Hair Loss From Alopecia Areata in Children: Care Instructions

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Hair follicles with and without hair


Alopecia areata (say "al-uh-PEE-shuh ar-ee-ah-tuh") is a type of hair loss that affects the hair on the scalp or other areas of the body. The condition can go away for some time and then come back. It's most common in young people, but it can happen at any age.

Your child's hair may fall out in clumps and grow back over time. The way hair is lost and grows back is different for everyone. For many people, the hair grows back within a year.

You may decide to wait and see if your child's hair grows again before trying medicines. Treatment may include medicine you put on the scalp or skin. However, medicines don't always work.

Your child may have a range of feelings about their hair loss. Support your child's self-esteem. Talk with your child about their hair loss and answer their questions. Explain what alopecia areata is. This can help your child know how to answer questions from other children and adults.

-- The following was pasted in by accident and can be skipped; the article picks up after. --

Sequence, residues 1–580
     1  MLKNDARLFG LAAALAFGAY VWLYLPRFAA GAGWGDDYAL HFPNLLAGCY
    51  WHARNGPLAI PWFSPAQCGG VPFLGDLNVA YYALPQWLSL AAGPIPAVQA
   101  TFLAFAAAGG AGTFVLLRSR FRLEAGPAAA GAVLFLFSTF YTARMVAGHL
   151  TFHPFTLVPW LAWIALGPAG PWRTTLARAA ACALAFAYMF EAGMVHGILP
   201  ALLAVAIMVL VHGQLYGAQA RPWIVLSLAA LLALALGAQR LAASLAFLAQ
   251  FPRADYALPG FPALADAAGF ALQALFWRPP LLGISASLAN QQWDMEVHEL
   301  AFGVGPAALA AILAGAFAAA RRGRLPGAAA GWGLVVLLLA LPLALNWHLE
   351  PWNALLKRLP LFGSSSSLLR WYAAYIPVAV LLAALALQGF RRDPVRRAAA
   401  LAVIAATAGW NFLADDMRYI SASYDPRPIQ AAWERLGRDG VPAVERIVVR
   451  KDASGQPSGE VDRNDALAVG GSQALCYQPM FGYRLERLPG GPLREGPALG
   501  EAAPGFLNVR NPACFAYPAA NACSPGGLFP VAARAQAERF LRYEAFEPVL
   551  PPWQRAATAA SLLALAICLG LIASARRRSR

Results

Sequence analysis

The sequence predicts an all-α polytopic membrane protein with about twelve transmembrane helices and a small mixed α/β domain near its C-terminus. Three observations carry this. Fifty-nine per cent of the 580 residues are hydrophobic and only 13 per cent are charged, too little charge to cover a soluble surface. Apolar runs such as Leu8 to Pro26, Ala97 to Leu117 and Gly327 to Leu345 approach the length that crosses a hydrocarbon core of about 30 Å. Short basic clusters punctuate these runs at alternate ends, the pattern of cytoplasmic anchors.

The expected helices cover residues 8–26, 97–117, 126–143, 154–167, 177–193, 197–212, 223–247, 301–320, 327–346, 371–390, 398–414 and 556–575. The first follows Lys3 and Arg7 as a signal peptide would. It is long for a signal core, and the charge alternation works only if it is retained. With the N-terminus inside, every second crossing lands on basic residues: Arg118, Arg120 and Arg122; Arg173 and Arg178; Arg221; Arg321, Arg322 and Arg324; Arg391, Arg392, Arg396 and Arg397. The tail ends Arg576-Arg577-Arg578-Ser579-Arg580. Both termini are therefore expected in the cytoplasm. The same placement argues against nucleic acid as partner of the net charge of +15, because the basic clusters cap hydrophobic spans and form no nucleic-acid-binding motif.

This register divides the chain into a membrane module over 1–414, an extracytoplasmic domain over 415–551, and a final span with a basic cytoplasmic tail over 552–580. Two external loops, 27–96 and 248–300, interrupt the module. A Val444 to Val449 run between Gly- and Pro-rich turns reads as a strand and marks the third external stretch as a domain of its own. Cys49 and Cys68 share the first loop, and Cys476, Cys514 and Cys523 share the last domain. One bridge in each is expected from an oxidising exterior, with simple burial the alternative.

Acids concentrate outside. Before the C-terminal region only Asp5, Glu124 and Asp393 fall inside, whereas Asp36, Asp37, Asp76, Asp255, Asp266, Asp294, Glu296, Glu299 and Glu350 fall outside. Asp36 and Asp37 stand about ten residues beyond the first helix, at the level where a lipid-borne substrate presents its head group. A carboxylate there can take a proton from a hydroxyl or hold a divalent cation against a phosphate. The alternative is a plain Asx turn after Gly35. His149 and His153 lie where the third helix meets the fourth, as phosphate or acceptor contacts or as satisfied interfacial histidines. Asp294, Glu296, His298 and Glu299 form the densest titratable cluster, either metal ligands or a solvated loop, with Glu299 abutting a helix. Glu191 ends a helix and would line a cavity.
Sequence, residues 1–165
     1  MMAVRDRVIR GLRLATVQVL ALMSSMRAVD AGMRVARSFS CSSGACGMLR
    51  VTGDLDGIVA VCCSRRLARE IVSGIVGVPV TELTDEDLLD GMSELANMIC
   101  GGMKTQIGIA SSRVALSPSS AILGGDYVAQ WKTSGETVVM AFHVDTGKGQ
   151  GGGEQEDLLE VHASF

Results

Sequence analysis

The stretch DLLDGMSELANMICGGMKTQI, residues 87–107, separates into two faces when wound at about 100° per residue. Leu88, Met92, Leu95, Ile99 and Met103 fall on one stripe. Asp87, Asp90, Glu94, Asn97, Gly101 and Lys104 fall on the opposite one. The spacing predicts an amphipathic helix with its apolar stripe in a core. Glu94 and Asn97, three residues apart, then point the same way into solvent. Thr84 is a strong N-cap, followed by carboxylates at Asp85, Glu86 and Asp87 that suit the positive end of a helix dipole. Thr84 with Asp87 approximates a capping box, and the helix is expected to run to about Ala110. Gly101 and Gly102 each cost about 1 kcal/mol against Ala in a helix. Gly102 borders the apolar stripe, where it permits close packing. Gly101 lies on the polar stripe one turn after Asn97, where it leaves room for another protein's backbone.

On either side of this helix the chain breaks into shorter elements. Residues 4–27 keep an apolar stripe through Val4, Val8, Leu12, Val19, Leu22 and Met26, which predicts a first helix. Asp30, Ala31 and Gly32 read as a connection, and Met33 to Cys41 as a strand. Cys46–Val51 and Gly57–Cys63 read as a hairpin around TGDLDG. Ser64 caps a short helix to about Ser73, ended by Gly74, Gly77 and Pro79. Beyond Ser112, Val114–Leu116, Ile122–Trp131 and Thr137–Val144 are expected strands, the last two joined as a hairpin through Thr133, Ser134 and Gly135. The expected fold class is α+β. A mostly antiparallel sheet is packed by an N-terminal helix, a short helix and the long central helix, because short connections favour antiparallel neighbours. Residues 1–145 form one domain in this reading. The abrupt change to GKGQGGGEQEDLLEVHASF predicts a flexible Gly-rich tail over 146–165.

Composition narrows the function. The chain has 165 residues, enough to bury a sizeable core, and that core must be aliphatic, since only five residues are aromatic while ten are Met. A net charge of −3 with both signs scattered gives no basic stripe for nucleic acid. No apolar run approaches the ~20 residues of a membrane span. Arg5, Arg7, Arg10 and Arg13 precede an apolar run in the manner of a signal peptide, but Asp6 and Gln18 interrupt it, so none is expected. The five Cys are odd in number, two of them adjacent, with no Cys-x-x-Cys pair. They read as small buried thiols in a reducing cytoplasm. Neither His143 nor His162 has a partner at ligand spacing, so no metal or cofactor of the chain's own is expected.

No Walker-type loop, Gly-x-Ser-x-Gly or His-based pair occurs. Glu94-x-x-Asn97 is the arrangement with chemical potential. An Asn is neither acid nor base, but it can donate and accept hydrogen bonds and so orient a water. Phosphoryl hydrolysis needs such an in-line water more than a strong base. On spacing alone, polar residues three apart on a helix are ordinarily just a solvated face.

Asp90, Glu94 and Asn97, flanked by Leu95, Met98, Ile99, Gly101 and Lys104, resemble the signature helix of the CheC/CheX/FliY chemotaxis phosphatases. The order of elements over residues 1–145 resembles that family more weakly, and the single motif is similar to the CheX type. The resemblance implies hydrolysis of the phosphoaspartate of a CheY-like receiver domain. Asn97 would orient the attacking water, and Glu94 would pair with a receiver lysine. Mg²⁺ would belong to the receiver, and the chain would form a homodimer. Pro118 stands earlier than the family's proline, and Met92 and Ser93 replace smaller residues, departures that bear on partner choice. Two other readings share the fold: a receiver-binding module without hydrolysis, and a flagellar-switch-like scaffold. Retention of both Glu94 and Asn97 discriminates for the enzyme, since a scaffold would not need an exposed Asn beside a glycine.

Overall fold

Follow-up care is a key part of your child's treatment and safety. Be sure to make and go to all appointments, and call your doctor if your child is having problems. It's also a good idea to know your child's test results and keep a list of the medicines your child takes.

How can you care for your child at home?

  • If you decide to treat your child's hair loss, use medicines exactly as prescribed. Call your child's doctor if you think your child is having a problem with a medicine.
  • Try hair products and styles that make hair look thicker. Or your child could wear a hat. Shaving their scalp is also an option.
  • Talk to your child's doctor if your child is upset about their hair loss. Your child can get counseling to help.

When should you call for help?

Watch closely for changes in your child's health, and be sure to contact your doctor if:

  • Your child feels anxious or depressed.
  • You have questions about treatment.
  • Your child does not get better as expected.

Where can you learn more?

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The Health Encyclopedia contains general health information. Not all treatments or services described are covered benefits for Kaiser Permanente members or offered as services by Kaiser Permanente. For a list of covered benefits, please refer to your Evidence of Coverage or Summary Plan Description. For recommended treatments, please consult with your health care provider.